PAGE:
Telco M1 is not being fined for a five-hour service outage last February, despite having been chided by a Cabinet minister for not handling the glitch well.
An investigation by the authorities completed last month found the company to be blameless as the culprit was an "unknown" call-processing software bug and was "not within M1's control".
The bug that surfaced on Feb 4 prevented customers from being authenticated on the telco's 2G, 3G and 4G networks.
This resulted in customers not being able to make calls, connect to the Internet, and send or receive text messages for up to five hours from 7am.
Communications and Information Minister Yaacob Ibrahim had criticised M1 a day after the incident, saying it could do better.
The telco's network was also jammed up, worsening the problem which took place at one of its critical operation centres.
"This would mean that more than half of M1's base stations were affected," said the Infocomm Development Authority (IDA) in a document seen by The Straits Times.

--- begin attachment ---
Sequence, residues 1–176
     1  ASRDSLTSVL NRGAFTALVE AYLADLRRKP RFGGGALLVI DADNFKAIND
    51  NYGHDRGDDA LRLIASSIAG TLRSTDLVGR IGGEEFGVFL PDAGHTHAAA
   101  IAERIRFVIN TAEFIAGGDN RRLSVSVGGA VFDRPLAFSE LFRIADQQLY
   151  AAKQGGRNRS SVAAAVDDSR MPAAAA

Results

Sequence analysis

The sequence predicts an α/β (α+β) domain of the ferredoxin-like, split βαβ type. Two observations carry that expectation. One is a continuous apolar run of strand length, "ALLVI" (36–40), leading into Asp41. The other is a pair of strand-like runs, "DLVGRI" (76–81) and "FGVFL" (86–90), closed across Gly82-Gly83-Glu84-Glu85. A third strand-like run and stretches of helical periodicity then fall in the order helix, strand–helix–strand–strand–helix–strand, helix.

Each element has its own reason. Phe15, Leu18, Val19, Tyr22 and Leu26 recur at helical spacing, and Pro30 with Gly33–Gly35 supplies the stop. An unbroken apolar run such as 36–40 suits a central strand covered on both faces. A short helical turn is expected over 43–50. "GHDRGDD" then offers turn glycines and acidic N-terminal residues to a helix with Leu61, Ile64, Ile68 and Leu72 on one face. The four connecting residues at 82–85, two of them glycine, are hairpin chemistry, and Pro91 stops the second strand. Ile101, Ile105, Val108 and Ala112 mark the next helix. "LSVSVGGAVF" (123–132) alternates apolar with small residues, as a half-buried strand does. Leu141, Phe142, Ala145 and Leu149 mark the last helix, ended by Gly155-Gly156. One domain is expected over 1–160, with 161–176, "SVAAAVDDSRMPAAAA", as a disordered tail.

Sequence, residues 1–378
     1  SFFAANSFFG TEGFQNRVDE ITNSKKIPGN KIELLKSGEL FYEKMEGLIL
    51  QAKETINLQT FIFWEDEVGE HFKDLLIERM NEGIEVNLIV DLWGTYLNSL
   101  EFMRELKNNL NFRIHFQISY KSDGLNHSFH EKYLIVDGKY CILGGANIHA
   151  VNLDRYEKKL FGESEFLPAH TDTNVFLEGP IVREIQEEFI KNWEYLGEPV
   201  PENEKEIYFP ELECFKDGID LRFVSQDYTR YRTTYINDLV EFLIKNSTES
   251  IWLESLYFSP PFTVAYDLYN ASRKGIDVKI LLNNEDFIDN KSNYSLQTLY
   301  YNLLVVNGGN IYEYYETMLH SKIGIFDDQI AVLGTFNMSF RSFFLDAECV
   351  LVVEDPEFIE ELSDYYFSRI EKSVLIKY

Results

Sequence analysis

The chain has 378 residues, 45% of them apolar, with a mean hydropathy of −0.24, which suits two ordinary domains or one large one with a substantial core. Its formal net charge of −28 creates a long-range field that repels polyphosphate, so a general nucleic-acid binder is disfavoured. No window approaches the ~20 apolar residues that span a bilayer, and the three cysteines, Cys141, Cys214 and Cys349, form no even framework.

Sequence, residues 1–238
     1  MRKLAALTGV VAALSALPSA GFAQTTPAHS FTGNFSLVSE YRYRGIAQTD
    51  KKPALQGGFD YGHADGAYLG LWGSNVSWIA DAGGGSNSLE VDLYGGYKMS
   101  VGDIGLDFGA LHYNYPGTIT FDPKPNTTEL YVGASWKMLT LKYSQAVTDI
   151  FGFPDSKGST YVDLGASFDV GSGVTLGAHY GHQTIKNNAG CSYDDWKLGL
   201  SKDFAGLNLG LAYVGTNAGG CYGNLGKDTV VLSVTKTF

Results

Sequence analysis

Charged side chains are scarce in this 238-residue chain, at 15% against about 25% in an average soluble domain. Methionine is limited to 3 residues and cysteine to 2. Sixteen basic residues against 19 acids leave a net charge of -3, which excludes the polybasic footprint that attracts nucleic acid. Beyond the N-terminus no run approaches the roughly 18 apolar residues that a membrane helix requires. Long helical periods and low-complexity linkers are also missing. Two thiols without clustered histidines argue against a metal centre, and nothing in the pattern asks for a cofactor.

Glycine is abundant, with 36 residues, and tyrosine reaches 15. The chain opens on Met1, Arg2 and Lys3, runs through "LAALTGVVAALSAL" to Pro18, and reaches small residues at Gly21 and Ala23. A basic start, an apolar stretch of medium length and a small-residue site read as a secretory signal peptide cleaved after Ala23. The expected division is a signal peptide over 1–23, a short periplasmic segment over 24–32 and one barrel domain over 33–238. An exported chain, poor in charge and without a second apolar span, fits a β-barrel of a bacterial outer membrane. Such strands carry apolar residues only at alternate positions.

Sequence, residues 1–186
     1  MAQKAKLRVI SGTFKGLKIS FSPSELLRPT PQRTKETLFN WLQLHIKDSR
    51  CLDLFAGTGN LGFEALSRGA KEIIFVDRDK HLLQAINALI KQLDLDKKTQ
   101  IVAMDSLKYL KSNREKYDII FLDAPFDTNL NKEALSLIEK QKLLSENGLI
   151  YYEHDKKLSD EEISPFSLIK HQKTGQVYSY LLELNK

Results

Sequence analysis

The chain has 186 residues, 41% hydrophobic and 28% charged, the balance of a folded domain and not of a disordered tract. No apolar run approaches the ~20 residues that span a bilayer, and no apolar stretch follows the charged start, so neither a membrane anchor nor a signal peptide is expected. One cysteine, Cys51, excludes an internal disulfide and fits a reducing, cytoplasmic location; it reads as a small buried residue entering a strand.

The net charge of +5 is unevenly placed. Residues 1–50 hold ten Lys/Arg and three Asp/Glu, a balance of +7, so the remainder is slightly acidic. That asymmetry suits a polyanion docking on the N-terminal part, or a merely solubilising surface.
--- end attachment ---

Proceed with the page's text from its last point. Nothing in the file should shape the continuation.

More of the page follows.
Based on IDA's requirement that an aggregate of 5 per cent or more base stations must be working at any time, the telco could have been fined. But the authority was satisfied with the way M1 restored services, saying it did so "in an expeditious manner".
Dr Yaacob, however, was less sanguine in a Facebook post in February.
"While no network service is foolproof, telcos can improve in the way they update and assist their customers when disruptions occur. We should expect better service," he said.
"It has been a frustrating experience for M1 customers, especially having just experienced other disruptions in very recent months."
An M1 spokesman said yesterday the telco will continue to invest in its network and take steps to ensure high service quality.
It had an earlier six-hour outage in October 2013, for which it was not fined as well. This investigation ended last month too.
The incident, which occurred after a scheduled network upgrade, could have affected about 23,000 subscribers in Ang Mo Kio, Choa Chu Kang, Jurong, Yishun and Woodlands, said IDA.
It added that M1 had taken reasonable measures to test the new equipment and restored services promptly.
Senior analyst Clement Teo of US-based market research firm Forrester agreed with IDA's judgment.
"It's hard to pin the blame on M1 when a software bug is the cause. And M1 did take proactive steps to resolve the issue," he said.
This article was first published on Jan 7, 2015.
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